I believe the consensus on saddle placement and intonation is correct: drying wood and 35 years of string tension (the previous owner strung it with 13s) have caved the soundboard in slightly, reducing the scale length and throwing out the intonation. You can't see it, but there's also a repaired crack that runs from the bridge for about 6-7 inches towards the back of the guitar. The luthier who repaired the crack and moved the saddle backwards (assuming it's the same person) appears to have done very good work with the routing and filling.

However, the plastic fully-compensated saddle is too high, seems soft and cheap, and needs to go. I've ordered a couple of bone saddle and nut blanks from https://www.lmii.com/ and with the help of a guitar-building friend we're going to make replacements. The reason I'm replacing the nut is that it's been filed to accommodate 13s and the work is crap - there are actually two slots with a peak between them in the bottom of the B string slot!! I'm fortunate that between us, my friend and I have the skills, experience and tools to fashion high quality replacements.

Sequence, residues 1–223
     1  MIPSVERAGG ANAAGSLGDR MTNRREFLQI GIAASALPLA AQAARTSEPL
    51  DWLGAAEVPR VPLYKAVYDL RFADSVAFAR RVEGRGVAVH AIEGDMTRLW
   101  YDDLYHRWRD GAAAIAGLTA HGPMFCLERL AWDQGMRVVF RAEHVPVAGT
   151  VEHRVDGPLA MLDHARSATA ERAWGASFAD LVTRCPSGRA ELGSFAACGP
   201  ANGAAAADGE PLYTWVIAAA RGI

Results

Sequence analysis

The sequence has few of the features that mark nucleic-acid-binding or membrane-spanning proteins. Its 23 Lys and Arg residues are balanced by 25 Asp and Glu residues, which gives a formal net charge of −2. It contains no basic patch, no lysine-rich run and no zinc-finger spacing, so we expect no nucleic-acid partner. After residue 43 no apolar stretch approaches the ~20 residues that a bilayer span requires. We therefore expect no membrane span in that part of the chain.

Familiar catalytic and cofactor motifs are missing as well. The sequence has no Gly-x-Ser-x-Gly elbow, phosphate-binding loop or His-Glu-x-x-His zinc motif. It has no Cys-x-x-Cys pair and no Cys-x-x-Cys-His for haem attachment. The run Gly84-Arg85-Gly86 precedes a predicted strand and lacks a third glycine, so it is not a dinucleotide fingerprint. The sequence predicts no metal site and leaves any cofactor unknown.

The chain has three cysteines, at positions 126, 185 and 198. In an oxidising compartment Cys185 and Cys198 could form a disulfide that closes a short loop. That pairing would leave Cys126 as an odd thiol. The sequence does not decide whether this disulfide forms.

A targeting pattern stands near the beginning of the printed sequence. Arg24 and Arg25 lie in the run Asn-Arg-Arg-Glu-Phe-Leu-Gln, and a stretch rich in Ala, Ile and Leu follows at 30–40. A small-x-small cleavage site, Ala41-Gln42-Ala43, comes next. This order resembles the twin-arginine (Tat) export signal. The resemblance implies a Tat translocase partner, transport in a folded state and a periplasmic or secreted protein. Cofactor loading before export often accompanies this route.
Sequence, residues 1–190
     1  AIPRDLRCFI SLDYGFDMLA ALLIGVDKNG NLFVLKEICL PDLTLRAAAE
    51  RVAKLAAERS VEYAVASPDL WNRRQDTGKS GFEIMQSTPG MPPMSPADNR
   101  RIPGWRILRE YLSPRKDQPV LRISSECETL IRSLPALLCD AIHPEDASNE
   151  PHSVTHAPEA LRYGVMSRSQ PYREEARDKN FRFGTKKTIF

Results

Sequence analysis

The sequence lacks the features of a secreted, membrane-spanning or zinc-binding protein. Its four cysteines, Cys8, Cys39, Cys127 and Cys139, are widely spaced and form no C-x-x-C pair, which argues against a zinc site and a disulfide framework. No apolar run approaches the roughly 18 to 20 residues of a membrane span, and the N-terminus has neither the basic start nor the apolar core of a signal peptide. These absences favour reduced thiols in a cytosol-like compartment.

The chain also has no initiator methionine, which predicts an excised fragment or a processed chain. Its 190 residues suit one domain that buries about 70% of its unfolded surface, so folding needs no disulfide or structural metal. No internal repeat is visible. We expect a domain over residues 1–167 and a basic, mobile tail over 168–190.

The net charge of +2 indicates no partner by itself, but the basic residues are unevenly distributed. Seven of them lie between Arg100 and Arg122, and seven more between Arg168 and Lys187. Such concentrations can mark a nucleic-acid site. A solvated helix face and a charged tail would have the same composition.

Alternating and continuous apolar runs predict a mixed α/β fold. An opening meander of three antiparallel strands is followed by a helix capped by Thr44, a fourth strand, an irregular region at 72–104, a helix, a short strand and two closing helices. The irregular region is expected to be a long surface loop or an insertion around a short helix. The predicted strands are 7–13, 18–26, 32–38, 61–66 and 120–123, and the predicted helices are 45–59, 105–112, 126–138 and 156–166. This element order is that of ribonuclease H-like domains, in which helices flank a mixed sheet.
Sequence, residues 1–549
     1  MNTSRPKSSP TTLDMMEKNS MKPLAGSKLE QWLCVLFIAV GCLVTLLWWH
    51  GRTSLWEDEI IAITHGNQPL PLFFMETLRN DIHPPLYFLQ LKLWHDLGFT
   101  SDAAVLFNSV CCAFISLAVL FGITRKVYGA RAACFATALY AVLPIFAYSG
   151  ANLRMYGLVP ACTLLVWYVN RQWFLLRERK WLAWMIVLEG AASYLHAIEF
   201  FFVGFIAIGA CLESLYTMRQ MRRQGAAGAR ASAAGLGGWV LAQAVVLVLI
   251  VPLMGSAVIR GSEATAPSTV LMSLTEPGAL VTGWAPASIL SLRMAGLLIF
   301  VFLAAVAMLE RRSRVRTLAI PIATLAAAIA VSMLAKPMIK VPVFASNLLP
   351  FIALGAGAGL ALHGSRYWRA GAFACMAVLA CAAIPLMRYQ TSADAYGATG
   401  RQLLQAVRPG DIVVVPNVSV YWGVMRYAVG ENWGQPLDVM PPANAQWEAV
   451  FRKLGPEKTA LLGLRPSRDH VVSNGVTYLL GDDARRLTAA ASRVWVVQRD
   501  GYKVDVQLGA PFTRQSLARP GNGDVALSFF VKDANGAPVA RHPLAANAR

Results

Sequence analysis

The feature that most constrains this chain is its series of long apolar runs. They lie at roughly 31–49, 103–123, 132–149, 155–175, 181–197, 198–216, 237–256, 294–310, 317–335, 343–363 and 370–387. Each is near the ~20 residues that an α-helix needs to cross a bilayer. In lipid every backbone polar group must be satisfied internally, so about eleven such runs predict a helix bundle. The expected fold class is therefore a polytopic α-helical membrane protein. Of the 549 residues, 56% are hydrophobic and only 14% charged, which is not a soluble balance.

Luckily the neck angle is still good. Running a straight edge along the neck to the bridge shows it's perfectly in alignment according to @HeyMikey's link, above. The high action appears to be a result of the high saddle; it should be an easy fix with the new bone saddle.

After doing some more research I agree with you all about price. Despite the repaired crack, re-aligned saddle, and the cosmetic condition of the finish I reckon it was a still fantastic deal... and it came with a hard shell case, which despite being in shoddy condition is still a functional HSC!

It seems like there are a few interested folks, so I'll keep updating this thread with photos of the nut/saddle work as it progresses.

-W.